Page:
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”Of course for Trump, notorious for having each and every person even tangentially related to him sign a nondisclosure agreement, that is not the last thing potential contestants would have to agree to.“If you are selected as a potential participant, you must execute more formal applications, questionnaires, waivers and release agreements, including, but not limited to an applicant agreement, releases, waivers and arbitration agreement and other agreement(s) as required by the Producer or the Network, or any of their licensees, successors or assigns,” one of the paragraphs on the 21-page application reads. And I really give her a lot of credit.”The whole project was dreamed up by Trump himself and Andy Litinsky, a former contestant on The Apprentice who went on to run Trump Productions LLC and become a syndicated radio host. ”All the contestants’ names are then introduced as Mary J.The contestants would also have to submit to physical and psychological examinations, and agree to pay a lofty fine should they violate stipulations of the confidentiality agreements. It aired on TV One, a network primarily devoted to African-American audiences, and was billed as the next chapter in Trump’s successful television career. In the promo for the first season, Omarosa—dressed in Cruella de Vil red—walks into Trump’s office in Trump Tower.“You’ve been very good for me,” Trump says, shaking her hand (something that he is often not inclined to do). Blige’s “Real Love” plays with each man’s name cascading onscreen in token Trump gold colors.It’s unclear if they also had to agree to appear nude, like contestants on The Apprentice.“I agree to pay Producer and the Network the sum of Five Hundred Thousand Dollars (0,000.00) per breach plus disgorgement of any income that I may receive in connection with my breach as liquidated damages in the event I breach any of the confidentiality provisions of this Application and Agreement prior to the initial exhibition of the final episode of the Program.”That exorbitant price might be easier for some of the contestants than others. Was a big monster success and continues to be a big monster success,” Trump said. The lead-up to the show did not portend great success for the short-lived program.Leading up to the show, Trump seemingly acknowledged that Omarosa was an unlikable figure, telling NBC in the same promotional interview that he “hated her from the beginning” of The Apprentice.“But I also loved her. Robert Horowitz, one of the program’s executive producers, laughably tried to market Omarosa as the hero of the production instead of her known reputation as television’s biggest villain.“You will like Omarosa; you may not want her for your son or brother, but you will easily see where she has a lot of positives in her life,” he told Variety at the time.By choosing “I agree” below, you agree that NPR’s sites use cookies, similar tracking and storage technologies, and information about the device you use to access our sites to enhance your viewing, listening and user experience, personalize content, personalize messages from NPR’s sponsors, provide social media features, and analyze NPR’s traffic.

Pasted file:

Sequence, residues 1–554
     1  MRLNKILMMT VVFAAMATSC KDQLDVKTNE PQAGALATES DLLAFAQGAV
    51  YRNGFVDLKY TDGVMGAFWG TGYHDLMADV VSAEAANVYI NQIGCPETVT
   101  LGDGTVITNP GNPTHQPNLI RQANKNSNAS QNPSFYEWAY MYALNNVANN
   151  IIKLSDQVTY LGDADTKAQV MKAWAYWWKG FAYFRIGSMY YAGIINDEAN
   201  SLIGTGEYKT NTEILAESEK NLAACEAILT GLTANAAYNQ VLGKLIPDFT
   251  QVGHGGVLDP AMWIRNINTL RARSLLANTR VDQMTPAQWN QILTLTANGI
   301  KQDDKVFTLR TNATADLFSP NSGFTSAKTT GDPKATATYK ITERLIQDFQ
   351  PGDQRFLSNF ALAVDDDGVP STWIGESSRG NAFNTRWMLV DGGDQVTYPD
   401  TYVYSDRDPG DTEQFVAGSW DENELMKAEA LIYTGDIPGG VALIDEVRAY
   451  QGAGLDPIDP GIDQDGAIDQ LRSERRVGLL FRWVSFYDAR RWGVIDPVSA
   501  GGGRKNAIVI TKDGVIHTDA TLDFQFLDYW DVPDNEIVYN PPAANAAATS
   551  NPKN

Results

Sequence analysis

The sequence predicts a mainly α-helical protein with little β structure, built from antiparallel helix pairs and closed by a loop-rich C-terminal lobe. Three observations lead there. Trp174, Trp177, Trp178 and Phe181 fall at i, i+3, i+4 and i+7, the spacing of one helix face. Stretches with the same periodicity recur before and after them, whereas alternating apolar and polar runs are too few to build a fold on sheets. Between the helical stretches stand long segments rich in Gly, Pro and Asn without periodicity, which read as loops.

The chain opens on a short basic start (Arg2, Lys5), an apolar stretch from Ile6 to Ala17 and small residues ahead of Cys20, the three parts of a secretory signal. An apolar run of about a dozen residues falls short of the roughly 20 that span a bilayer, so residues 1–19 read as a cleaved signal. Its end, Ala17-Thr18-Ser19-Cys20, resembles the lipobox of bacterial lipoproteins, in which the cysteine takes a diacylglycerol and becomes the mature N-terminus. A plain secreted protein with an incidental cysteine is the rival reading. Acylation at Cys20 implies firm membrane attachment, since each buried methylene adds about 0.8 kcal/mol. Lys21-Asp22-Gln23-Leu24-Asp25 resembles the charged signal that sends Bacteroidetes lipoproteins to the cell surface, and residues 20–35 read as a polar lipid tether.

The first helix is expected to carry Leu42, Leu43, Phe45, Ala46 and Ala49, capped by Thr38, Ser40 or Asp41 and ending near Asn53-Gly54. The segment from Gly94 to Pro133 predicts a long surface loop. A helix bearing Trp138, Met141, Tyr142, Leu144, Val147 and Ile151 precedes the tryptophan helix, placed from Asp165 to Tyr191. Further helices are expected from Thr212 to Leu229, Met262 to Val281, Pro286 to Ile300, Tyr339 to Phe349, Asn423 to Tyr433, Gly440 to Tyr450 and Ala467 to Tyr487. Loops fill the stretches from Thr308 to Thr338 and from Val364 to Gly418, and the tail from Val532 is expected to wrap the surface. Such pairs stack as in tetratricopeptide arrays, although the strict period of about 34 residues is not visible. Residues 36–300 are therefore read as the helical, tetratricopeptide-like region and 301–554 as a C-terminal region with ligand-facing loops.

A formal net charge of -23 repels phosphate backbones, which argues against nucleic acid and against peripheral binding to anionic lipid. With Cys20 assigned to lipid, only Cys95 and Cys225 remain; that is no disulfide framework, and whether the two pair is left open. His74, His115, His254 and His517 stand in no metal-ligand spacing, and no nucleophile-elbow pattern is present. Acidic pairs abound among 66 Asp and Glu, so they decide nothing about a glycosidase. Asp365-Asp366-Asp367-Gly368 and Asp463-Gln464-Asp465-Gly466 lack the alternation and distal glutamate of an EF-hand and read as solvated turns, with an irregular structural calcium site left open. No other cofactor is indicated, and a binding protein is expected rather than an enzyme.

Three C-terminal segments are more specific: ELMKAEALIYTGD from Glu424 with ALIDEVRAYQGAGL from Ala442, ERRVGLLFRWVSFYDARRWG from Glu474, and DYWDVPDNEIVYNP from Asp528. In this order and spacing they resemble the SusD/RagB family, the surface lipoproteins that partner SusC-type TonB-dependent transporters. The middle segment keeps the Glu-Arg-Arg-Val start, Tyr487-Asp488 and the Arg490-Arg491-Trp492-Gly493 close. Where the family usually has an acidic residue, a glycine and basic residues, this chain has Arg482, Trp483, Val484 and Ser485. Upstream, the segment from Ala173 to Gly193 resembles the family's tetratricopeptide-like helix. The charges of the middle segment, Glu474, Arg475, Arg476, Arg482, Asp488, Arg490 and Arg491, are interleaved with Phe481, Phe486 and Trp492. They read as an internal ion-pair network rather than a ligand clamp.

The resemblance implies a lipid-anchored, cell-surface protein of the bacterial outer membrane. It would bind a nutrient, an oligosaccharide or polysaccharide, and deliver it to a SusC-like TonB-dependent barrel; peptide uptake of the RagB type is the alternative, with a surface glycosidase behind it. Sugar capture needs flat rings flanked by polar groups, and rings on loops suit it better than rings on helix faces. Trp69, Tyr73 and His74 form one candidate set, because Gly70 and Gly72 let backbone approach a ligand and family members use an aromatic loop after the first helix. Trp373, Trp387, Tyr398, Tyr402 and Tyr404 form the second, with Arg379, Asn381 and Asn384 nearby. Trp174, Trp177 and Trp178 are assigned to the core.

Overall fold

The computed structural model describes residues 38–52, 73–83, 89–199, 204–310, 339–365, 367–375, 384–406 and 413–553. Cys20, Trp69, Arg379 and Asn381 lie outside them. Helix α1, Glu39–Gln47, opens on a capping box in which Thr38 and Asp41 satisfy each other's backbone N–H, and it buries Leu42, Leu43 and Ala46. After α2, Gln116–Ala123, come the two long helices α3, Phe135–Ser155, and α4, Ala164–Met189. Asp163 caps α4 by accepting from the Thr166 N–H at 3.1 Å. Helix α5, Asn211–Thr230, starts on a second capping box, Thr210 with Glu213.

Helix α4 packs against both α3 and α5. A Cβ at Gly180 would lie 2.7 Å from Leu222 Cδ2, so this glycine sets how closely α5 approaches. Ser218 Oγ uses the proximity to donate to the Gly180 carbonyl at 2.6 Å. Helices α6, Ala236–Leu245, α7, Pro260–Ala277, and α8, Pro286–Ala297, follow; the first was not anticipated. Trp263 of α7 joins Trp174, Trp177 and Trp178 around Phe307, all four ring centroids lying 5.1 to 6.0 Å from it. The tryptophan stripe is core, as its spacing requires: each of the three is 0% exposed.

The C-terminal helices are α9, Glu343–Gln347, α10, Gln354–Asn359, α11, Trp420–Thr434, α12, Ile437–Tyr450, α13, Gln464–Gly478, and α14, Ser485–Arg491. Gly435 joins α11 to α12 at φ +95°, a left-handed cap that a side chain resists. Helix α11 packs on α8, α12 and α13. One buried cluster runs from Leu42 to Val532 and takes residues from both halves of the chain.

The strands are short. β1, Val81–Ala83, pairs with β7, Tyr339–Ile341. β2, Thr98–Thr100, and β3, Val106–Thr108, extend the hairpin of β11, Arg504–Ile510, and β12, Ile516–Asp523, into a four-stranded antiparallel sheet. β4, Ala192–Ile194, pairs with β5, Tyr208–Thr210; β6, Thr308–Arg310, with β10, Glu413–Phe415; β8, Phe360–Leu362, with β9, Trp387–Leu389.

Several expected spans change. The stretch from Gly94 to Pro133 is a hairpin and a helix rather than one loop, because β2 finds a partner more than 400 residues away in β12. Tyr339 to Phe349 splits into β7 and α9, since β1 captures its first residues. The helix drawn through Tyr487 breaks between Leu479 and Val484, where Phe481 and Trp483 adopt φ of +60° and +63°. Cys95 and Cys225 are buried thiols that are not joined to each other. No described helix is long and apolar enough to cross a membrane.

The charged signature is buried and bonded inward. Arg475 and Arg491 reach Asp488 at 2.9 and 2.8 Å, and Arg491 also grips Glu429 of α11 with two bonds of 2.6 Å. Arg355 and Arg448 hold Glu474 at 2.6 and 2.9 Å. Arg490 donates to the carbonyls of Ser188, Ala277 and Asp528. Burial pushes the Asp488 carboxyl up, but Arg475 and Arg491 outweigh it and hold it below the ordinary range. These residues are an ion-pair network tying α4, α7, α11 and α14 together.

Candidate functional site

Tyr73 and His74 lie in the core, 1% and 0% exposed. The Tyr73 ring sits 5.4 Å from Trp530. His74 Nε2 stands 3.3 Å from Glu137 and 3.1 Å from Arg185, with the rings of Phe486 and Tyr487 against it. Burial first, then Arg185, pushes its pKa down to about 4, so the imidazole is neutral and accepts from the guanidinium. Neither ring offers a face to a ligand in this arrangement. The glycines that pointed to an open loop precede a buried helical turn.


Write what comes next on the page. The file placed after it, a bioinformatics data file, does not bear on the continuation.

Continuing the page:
At one point, he toyed with developing a version of the show that pitted black contestants vs.

unique personality.“I don’t know if there is a right guy,” Trump said in a NBC News interview promoting his now forgotten show. But he loves it, though,” Omarosa explained to NBC.